by Brandon Mayer, Local Journalism Initiative Reporter
In September of 2019, a young local girl’s family began a mission to collect pop can tabs to raise money in her name, and the result of this “Mission for Mya” has become nothing less than spectacular. Mya Jackson is now 13 years old, and has been undergoing treatment for years for a disease called Neurofibromatosis. She currently has over 30 tumours, which grow on her nerves as a consequence of the disease, specifically the NF2 subtype, in which the tumours grow internally. Mya’s tumours are mostly on her brain and spine, causing losses of vision, hearing, and mobility.
Two-and-a-half years ago, Mya’s family began collecting pop can tabs at their business, Krown Kemptville, in the hopes of raising money. Aluminum has a value of approximately 40 cents per pound, and, since it is free and takes virtually no time to pull the tab off of a pop can and drop it in a bin, it is an easy way for people to donate to a cause. Now, the overwhelming support for Mya from the community has been shown by the almost 5 million pop can tabs which have been collected since 2019.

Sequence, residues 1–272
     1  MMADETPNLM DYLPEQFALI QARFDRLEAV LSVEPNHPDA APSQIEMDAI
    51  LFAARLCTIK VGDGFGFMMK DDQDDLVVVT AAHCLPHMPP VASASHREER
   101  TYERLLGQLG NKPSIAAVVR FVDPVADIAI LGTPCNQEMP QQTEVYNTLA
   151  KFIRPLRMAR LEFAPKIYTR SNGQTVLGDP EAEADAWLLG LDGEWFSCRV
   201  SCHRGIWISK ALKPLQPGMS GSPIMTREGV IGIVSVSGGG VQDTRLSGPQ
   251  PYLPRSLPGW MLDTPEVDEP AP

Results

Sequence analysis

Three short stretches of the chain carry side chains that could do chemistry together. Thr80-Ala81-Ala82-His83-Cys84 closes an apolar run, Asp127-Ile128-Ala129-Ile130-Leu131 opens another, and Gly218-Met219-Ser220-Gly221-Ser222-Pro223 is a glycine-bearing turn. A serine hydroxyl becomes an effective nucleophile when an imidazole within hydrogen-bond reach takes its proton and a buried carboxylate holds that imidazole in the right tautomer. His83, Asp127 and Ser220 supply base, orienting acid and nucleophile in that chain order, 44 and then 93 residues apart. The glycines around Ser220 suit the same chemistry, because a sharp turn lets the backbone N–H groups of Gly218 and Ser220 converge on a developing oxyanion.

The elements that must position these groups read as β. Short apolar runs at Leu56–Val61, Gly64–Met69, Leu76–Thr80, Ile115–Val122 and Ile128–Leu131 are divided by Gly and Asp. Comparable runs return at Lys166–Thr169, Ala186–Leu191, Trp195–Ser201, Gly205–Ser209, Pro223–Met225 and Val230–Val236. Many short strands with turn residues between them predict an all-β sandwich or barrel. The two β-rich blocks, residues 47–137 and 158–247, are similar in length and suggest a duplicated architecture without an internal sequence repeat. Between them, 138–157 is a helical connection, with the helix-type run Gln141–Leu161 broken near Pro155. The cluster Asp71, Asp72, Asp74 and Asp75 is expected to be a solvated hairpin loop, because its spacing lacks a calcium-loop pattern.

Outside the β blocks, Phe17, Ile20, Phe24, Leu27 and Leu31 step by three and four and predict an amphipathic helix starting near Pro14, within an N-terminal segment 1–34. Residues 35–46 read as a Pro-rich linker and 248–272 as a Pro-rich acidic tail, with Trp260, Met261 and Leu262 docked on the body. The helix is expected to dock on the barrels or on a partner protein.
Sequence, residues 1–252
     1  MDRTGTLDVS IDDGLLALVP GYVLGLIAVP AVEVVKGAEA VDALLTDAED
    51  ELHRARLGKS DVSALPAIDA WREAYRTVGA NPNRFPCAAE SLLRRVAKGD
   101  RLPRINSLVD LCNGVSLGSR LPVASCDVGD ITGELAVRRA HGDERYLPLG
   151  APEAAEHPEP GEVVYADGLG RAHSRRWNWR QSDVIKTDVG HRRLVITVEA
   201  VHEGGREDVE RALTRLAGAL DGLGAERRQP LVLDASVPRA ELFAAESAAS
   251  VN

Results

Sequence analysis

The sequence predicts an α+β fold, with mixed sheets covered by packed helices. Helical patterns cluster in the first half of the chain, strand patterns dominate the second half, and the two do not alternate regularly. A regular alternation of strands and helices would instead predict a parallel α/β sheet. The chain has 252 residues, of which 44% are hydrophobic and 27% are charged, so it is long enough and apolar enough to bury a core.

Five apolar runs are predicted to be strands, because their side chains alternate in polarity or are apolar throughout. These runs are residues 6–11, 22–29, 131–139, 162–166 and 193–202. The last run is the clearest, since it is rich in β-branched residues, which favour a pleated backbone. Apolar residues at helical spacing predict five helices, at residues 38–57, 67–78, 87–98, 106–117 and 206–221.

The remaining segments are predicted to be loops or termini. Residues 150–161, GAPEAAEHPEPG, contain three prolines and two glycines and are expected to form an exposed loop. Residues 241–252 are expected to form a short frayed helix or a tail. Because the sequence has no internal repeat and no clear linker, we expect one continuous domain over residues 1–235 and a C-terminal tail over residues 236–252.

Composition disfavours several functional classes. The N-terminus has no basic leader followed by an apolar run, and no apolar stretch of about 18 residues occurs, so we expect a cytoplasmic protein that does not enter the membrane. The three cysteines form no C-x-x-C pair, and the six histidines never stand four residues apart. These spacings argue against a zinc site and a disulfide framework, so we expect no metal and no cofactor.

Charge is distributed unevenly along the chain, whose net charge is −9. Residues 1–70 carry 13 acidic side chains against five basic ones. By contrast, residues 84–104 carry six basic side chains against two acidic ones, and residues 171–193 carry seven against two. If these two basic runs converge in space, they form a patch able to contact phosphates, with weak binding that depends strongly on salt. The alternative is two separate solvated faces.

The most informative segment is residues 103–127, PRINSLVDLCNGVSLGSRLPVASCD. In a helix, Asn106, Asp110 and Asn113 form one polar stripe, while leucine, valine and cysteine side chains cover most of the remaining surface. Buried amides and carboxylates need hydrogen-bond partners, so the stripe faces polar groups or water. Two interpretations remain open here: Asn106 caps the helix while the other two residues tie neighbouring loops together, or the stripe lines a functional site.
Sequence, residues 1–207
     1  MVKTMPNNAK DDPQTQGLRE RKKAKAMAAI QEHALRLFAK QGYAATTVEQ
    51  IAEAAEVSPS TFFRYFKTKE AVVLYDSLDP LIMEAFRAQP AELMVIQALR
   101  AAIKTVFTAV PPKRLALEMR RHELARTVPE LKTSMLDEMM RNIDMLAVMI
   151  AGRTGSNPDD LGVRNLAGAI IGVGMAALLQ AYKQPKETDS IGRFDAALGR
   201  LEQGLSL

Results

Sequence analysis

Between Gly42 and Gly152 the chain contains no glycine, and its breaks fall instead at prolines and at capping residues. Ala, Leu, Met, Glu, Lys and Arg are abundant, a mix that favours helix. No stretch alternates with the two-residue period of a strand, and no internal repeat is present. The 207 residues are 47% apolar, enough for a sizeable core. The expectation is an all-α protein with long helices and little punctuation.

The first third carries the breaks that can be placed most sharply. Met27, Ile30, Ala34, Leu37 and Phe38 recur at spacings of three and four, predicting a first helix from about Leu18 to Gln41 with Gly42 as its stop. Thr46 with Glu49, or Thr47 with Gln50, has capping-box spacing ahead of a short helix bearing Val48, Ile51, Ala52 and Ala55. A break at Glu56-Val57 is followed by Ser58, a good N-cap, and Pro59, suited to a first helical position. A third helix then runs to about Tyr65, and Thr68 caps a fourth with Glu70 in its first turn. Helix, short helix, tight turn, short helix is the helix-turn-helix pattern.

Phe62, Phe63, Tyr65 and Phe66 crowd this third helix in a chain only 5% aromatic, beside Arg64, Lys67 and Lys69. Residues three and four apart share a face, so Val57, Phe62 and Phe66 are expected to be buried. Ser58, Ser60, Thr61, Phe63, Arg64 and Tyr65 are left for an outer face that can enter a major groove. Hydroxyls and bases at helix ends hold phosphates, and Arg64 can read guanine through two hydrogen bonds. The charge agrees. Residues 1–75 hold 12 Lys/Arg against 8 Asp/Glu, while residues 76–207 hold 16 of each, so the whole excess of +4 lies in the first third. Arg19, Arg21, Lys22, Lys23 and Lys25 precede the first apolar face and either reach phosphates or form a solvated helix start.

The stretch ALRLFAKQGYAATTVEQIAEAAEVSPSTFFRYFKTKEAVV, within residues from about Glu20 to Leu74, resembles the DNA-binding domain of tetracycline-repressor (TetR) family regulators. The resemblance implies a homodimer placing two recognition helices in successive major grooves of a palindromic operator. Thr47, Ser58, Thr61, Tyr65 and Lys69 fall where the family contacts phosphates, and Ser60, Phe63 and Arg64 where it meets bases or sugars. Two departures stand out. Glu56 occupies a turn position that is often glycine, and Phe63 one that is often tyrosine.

Mya’s mother, Tanya Lamarche, sees her daughter’s strength every day. “She’s doing her 50th treatment next week on the 7th anniversary of her brain surgery in Montreal, and has been doing treatment for three years,” Tanya told the Times. “NF2 is different in all cases, so it’s hard to know what to expect.”
The collection of nearly 5 million pop can tabs is nothing short of astounding. The Guinness world record for the most pop can tabs donated in one year is just under 2.8 million, set by a hospital in Puerto Rico. While Mya’s family collected their tabs over a longer period, the sheer number of tabs collected is still an incredible feat. The Guinness record for the largest collection of pop can tabs (regardless of how long it took to collect them) was set in the USA in 2012 by a man who raised over 22 million tabs as a fundraiser for Ronald McDonald House.
When asked whether an attempt to beat the world record was a possibility for their family, Tanya answered, “We are still going strong, and will continue to collect.”
A question that remains is where the money will go when the millions of tabs are recycled. The family would like to donate the tabs collected for Mya to NF2 BioSolutions, a non-profit organization which uses 100% of proceeds for Neurofibromatosis research. The disease has no cure, so funding research is important for Mya’s family. Referring to NF2 BioSolutions, Tanya said “They are a team of amazing doctors and researchers from all over the world, unlike any other that pulled together to find a cure.”
Anyone with tabs to give can drop them off at Krown Kemptville. Mya’s story can be followed on her Facebook group, Mission for Mya, at www.facebook.com/groups/1705361626354831